Tax factor to support investment

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If it wasn't obvious before then surely it is now - we need more business investment to help support the recovery in the UK.

We expect that the Chancellor's Autumn Statement will again make difficult reading in terms of the OBR's updated forecasts for business investment. For 2012 and 2013, successive forecasts have been repeatedly downgraded since the OBR's first effort in June 2010.

So anticipating that this will still be a challenge, we think that the government has to use the Autumn Statement to send out a clear signal on how its supporting investment in the UK.

There's been a lot swirling in the media about business investment. One strand in particular are the supposed £750 billion of cash that companies are 'sitting on'.

Starting with the cash point (and setting aside the issue of whether £750 billion is the right number) why might firms be sitting back on piles of cash?

Well the most glaringly obvious factor is the demand environment that we find ourselves in which can be summed up in one word: weak. The domestic consumer is recovering from a sustained crunch on real incomes. This loosk set to continue a little while longer with the CPI ticking up again in October to 2.7%.

Our export markets are a divergent story. Europe bad. Others good. Indeed non-EU exports are on the cusp of streaking into the lead in terms of share of our overall exports. But the problem is that at around 50% and in recent times falling, EU export markets are a drag.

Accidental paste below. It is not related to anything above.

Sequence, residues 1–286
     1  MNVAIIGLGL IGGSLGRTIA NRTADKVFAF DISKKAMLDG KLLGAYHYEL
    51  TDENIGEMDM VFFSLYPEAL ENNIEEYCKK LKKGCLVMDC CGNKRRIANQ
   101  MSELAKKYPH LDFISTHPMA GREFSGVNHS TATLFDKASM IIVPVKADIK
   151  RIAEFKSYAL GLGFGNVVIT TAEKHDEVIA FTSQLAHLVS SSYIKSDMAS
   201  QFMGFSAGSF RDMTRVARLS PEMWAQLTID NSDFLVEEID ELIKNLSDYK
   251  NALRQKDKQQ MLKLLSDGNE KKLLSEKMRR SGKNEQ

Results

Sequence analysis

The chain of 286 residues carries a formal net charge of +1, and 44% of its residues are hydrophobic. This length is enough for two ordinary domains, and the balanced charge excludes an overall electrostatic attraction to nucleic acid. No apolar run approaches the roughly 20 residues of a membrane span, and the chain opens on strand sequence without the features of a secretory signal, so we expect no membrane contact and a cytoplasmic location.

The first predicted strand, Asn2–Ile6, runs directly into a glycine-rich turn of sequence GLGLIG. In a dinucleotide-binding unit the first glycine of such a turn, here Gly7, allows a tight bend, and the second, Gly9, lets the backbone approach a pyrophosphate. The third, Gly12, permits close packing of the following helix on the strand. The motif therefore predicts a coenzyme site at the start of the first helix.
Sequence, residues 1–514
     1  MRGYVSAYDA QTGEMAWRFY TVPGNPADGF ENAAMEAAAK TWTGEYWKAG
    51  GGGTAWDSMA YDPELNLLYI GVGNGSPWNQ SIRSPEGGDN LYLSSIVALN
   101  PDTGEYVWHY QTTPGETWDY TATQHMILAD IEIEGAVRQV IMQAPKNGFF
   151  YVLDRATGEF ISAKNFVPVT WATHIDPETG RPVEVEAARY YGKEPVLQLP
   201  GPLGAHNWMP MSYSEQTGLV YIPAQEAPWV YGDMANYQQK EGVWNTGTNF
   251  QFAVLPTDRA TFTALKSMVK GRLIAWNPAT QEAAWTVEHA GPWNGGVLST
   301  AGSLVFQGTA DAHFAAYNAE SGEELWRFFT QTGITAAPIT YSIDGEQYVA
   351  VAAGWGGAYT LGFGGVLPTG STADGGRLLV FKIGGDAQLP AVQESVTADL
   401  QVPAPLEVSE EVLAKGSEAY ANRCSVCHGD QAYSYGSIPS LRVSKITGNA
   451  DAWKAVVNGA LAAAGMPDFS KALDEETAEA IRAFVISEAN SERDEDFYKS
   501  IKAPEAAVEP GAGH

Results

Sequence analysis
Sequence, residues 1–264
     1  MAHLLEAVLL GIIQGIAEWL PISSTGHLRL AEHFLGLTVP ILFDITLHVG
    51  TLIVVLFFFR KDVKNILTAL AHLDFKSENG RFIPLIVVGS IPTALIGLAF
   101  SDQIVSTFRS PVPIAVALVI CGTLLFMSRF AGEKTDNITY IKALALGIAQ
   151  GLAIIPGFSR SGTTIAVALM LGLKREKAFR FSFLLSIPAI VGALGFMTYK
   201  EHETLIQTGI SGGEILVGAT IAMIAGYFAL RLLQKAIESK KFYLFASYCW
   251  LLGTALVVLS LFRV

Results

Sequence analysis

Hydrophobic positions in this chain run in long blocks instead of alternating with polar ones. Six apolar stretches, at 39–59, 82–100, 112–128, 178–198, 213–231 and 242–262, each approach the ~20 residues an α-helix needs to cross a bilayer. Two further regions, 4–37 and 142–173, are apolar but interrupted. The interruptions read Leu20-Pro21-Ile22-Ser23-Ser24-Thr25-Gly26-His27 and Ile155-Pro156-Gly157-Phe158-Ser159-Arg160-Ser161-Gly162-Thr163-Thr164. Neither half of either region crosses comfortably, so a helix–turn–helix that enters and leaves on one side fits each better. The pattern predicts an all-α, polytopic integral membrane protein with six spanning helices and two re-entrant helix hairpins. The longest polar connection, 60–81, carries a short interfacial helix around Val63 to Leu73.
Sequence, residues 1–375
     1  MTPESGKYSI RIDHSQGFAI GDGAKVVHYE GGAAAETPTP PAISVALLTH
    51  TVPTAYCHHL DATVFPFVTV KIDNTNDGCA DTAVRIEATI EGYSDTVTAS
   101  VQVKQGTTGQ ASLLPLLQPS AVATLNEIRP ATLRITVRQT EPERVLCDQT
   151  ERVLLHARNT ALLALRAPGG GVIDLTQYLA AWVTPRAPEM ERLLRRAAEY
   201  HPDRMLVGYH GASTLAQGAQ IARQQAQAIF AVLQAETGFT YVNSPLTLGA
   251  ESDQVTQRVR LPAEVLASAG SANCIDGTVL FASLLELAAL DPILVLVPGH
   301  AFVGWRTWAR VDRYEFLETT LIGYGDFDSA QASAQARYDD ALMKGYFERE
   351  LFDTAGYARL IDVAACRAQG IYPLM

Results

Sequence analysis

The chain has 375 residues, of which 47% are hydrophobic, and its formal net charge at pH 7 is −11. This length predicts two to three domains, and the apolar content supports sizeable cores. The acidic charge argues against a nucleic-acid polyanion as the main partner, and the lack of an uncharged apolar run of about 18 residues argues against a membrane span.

So yes, a weak demand environment would be a reason to pause before outlaying a major investment. Unfortunately the government can't do much to change this situation.

But even so, there are factors that could help encourage investment to go forward that the government can influence. One of these is the tax environment.

There's been a lot of action on corporate tax from the government with the headline rate currently sitting at 24%, on course to reach 22% within two years, and the not-so-subtle hint that the government would like it to be 20% in the not-too-distant future.

It sounds good - indeed it is - to a certain extent. This headline rate is the lowest in the G7 and is on course to be the fourth lowest in the G20. Large companies that I've spoken to in recent months suggest that this has high 'symbolic' value about the direction the UK is heading to.

Good news. Except it's not quite the complete picture.

An Oxford University Centre for Business Taxation study released in June showed that as of 2012 the Effective Average Tax Rate (EATR) that companies in the UK face and which has an empirical link to where mobile international investments go ahead ranked 22nd out of 33 OECD countries.

Worse than that, the Effective Marginal Tax Rate (EMTR) faced by companies in the UK, which is empirically linked to the level of investment given location, ranked 32nd out of 33.

Why? Because although the headline rate of corporation tax rates has been cut - and cut quite aggressively - the capital allowances system in the UK (the way the tax system treats the non-cash expense of depreciation) - has actually been made less generous. It is now the second least supportive system in the OECD (ahead only of Chile).

This is a factor the government could address. And especially for SMEs, where capital allowances make a big difference to cashflows, this would make a difference.

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